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Cockfighting supporters ask high court for rehearing

Updated:

OKLAHOMA CITY (AP) _ Cockfighting supporters asked the Oklahoma Supreme Court on Wednesday to rehear arguments on an initiative petition to ban the practice, saying the court's decision to approve the petition was ``fraught with factual and legal errors.''

``It contains facts and legal conclusions that are unrelated to the evidence,'' Tulsa attorney Larry Oliver said in legal papers filed on behalf of the Oklahoma Gamefowl Breeders Association. ``The court erred in relying upon nonexistent facts to support its decision.''

Oliver wants the court to reconsider last month's ruling that validated an initiative petition seeking to ban cockfighting in Oklahoma. If the petition stands, the issue will be placed on the ballot for a statewide vote, most likely in November.

Janet Halliburton, chairwoman of the Oklahoma Coalition Against Cockfighting, said the request is ``ridiculous'' and another attempt to keep the issue from voters.

``They know once there is (a vote), cockfighting will again be illegal in Oklahoma,'' she said. ``Cockfighting is antiquated and it's cruel and it makes Oklahoma look backward.''

Oliver said he thinks it unlikely that justices will reverse their 8-0 decision.

``Nobody likes to admit they're wrong,'' he said.

Oliver said the most glaring error by the court was the validation of 35,832 petition signatures where the petitioners' names and addresses did not match a state database of registered voters.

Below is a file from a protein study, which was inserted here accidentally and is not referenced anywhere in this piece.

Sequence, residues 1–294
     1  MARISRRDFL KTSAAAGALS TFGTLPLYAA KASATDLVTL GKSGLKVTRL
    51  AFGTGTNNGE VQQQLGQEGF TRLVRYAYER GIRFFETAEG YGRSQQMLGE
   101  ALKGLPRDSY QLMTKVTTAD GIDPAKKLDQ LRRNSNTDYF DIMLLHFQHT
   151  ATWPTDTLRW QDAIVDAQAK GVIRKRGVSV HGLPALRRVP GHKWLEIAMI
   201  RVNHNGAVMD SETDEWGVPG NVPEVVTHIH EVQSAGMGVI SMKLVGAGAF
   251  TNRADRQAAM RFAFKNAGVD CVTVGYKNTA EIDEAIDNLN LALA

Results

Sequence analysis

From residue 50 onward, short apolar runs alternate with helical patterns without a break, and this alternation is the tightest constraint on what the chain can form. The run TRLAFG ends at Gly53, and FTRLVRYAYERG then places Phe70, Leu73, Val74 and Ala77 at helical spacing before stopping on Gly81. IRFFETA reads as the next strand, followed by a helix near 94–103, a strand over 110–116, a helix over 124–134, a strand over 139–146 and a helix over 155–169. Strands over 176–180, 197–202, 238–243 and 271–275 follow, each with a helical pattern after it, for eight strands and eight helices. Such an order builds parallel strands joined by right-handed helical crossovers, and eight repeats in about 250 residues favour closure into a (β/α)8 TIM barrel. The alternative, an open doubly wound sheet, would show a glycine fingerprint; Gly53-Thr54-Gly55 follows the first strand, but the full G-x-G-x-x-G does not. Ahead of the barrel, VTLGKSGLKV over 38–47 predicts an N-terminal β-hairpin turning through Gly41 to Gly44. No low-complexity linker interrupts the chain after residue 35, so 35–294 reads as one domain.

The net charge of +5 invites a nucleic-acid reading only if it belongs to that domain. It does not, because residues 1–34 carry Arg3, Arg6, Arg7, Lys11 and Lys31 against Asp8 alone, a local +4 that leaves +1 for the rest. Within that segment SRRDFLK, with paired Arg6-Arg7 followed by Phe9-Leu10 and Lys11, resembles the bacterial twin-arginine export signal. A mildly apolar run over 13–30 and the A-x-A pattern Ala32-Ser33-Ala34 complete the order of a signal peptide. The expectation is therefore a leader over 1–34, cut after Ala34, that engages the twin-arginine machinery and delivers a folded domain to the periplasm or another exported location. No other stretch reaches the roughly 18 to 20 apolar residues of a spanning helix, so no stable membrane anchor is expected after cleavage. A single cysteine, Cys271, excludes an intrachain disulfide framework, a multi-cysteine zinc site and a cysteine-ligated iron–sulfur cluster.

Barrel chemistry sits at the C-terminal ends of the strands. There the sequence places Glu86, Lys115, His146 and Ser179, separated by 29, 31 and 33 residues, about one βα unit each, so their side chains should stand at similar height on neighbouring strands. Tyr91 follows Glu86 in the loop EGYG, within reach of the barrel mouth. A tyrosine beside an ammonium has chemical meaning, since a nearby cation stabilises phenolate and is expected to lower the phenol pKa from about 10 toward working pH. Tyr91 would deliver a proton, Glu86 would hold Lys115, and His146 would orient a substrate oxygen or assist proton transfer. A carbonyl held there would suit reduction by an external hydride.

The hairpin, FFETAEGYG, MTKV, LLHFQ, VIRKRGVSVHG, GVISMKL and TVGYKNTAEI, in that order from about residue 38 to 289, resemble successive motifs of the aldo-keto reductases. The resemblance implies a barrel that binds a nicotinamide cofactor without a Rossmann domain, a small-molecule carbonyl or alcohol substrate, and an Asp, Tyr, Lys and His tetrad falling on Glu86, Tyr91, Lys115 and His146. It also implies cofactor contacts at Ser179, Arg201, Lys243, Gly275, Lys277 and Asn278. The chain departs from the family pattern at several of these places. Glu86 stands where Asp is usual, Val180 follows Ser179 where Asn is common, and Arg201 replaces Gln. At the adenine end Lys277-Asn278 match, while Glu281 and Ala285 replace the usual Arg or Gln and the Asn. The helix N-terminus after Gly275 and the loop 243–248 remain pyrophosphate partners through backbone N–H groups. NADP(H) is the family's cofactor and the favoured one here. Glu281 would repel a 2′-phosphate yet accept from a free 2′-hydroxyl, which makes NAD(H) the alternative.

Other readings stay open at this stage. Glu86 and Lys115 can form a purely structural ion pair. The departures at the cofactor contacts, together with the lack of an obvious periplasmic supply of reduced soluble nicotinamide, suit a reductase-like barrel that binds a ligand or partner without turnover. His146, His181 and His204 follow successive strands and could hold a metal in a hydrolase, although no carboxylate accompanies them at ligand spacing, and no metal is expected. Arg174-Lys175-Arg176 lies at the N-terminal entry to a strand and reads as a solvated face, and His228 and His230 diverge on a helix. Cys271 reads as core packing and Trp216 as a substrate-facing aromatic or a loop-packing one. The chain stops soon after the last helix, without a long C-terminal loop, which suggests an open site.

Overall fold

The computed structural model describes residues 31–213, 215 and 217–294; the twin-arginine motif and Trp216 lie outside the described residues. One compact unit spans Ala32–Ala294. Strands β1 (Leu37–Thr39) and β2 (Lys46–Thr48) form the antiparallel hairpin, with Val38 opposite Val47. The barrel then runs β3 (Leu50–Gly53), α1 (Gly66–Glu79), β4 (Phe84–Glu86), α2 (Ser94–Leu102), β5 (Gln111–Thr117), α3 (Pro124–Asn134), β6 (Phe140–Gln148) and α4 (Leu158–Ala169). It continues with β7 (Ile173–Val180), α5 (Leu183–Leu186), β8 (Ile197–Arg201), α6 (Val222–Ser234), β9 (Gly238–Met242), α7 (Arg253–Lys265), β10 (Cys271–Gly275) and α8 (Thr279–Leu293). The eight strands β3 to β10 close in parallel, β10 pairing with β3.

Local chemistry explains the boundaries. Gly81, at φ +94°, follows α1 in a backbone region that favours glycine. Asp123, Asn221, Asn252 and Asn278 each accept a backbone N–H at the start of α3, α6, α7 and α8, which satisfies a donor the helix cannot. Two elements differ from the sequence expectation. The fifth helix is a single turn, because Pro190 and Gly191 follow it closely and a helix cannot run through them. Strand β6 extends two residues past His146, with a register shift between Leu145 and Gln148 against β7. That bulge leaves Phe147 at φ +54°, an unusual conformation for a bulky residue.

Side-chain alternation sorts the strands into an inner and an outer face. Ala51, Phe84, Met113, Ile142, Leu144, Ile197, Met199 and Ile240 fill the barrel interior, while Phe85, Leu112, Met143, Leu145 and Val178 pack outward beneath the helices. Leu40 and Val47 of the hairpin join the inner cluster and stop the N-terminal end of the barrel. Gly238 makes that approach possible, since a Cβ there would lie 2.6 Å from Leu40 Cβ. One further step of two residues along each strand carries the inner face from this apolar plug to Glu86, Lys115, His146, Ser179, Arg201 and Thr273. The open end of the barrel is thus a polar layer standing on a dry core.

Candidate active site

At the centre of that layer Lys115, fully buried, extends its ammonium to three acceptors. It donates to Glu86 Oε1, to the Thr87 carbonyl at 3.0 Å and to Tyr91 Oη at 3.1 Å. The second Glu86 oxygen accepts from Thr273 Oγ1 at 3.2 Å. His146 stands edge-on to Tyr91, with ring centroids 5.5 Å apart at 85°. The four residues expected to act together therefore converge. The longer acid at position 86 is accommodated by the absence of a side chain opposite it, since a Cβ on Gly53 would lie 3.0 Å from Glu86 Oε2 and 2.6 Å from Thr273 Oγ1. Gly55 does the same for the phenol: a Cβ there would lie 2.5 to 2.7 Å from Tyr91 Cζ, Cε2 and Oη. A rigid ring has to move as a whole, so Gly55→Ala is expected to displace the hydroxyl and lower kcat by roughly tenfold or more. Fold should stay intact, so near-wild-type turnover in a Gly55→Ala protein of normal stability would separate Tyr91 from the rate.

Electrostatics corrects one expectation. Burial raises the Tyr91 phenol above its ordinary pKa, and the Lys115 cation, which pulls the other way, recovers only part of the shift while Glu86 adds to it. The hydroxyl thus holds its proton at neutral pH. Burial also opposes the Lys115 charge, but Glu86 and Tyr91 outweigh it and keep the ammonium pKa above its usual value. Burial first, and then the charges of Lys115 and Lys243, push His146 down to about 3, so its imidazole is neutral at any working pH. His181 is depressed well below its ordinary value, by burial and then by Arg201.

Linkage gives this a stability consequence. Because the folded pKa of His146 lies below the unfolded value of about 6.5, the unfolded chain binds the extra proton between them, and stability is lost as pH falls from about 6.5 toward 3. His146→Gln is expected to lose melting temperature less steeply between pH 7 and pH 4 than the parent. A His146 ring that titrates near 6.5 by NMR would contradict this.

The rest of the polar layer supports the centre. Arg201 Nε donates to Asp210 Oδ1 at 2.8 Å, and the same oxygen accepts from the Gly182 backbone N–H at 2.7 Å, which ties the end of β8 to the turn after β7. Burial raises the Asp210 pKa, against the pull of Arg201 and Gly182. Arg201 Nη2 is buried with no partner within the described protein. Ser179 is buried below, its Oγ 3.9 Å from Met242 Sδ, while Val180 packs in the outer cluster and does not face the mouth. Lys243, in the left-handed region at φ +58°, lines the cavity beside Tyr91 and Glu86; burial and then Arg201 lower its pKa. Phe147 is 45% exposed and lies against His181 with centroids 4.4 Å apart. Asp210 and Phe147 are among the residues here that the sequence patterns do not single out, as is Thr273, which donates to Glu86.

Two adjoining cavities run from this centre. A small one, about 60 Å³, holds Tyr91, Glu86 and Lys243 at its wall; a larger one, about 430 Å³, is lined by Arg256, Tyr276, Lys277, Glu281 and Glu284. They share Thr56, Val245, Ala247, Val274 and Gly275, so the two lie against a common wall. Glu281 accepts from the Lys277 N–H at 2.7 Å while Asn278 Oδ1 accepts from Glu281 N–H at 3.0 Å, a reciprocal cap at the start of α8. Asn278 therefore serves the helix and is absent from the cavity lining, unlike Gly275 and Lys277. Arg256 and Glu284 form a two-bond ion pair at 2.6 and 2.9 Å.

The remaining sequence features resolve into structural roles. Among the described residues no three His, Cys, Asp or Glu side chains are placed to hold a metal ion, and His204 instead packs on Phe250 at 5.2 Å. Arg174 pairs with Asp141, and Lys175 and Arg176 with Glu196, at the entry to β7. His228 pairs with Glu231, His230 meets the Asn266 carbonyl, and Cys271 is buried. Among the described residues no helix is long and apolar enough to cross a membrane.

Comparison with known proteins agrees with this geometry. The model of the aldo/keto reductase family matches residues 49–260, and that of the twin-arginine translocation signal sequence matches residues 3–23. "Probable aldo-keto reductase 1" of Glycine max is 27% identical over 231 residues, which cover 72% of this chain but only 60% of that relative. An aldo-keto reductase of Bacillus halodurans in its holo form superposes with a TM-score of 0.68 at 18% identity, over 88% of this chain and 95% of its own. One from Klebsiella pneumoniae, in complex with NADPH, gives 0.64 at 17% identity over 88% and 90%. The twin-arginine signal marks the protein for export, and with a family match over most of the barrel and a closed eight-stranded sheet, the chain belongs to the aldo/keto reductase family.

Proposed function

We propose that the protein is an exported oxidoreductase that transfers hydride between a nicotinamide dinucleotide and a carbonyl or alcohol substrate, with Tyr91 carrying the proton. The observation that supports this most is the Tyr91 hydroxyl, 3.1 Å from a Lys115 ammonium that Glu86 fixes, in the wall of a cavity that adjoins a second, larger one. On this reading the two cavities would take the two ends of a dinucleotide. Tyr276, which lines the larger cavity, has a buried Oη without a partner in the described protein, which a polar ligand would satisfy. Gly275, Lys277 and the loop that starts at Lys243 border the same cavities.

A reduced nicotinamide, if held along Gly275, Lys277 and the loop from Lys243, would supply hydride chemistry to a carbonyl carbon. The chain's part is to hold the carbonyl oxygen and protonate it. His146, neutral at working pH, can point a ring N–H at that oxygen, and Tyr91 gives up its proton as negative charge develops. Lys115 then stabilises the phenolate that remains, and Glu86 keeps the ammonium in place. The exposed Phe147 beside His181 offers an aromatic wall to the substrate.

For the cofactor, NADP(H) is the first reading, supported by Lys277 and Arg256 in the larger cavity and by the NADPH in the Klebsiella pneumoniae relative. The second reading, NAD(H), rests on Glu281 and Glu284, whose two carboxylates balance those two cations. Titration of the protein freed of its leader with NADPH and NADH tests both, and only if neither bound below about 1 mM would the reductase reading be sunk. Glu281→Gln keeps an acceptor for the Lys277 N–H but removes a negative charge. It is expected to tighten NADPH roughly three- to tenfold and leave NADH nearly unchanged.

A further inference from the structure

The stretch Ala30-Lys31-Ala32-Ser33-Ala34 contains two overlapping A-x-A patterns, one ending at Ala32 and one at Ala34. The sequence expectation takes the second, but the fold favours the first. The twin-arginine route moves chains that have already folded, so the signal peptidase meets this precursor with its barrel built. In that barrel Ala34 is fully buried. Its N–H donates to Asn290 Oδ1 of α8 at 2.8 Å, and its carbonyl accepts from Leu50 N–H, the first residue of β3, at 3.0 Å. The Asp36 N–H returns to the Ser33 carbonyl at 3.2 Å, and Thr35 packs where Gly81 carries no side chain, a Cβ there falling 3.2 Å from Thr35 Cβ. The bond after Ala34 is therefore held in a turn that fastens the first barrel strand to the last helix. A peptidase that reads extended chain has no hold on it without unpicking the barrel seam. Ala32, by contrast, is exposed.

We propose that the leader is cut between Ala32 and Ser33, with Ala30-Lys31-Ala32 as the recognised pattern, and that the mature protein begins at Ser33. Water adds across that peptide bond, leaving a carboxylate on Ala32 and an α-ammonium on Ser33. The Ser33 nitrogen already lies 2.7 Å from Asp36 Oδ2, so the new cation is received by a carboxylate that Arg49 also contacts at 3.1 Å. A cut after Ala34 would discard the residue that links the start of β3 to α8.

Justices ruled cockfighting supporters did not try to validate the petition signers' registration status beyond the database, and that the database was unreliable because it was nearly two years old. The ruling was the opposite of the recommendation by Supreme Court Referee Gregory Albert after a hearing on the issue.

``That conclusion is in very serious error. That was not the evidence,'' Oliver wrote.

Oliver said Wednesday the voter list was purchased two weeks after the signatures were filed in 1999, and the transactions were updated the day it was bought. The database covered the four months during which signatures were gathered.

Papers filed by Oliver state the court's opinion that the database is unreliable and created a new and ``chaotic'' process for initiative petitions that would require anyone protesting a signature to subpoena every voter in question _ in this case nearly 36,000 people.

``The opinion has unjustly changed the law,'' he wrote.

Without the nearly 36,000 signatures, the petition would not have enough names to place the issue on the ballot.

The Oklahoma Constitution requires a petition be signed by a number of legal voters equal to at least 8 percent of the total number of votes cast at the last general election for the state office receiving the highest number of votes.

Cockfighting opponents needed 69,887 signatures to get the issue on a statewide ballot. Without the nearly 36,000 signatures questioned by Oliver and other supporters, the petition would have only 63,918 _ not enough to send it to a vote.

Oklahoma is one of three states that allow cockfighting. The others are Louisiana and New Mexico.
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